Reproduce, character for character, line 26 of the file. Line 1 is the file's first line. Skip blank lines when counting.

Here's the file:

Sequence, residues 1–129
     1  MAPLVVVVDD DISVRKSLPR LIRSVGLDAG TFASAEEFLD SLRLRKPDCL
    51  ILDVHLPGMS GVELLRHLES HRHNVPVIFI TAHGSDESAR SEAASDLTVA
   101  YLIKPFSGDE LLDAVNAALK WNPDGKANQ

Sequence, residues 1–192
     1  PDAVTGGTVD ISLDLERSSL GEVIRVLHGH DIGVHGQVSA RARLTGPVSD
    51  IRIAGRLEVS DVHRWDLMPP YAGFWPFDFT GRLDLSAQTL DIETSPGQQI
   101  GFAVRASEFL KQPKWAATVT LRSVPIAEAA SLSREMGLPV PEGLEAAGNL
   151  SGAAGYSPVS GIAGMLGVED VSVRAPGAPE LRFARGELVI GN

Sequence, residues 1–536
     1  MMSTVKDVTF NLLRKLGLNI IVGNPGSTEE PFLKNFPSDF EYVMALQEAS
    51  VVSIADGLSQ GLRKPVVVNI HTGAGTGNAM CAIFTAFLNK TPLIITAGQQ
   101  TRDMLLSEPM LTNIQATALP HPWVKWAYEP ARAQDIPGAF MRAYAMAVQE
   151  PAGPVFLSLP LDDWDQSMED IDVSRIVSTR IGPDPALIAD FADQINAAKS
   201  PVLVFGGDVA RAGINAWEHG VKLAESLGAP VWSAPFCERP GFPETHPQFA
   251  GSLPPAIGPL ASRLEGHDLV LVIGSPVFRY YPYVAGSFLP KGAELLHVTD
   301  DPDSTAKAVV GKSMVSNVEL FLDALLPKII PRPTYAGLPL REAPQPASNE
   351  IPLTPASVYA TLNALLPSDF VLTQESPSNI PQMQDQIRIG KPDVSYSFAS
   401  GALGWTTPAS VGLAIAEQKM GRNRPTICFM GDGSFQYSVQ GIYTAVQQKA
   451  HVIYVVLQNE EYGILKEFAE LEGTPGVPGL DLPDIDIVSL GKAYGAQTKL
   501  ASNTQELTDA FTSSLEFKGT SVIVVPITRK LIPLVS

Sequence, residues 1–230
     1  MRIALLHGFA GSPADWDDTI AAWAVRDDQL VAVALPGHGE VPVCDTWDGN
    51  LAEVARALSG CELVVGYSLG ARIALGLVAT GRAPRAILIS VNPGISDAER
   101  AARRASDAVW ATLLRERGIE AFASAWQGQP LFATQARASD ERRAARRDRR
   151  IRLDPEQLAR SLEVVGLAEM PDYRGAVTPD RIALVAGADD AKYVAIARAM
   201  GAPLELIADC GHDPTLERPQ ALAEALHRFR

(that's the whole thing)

   151  IRLDPEQLAR SLEVVGLAEM PDYRGAVTPD RIALVAGADD AKYVAIARAM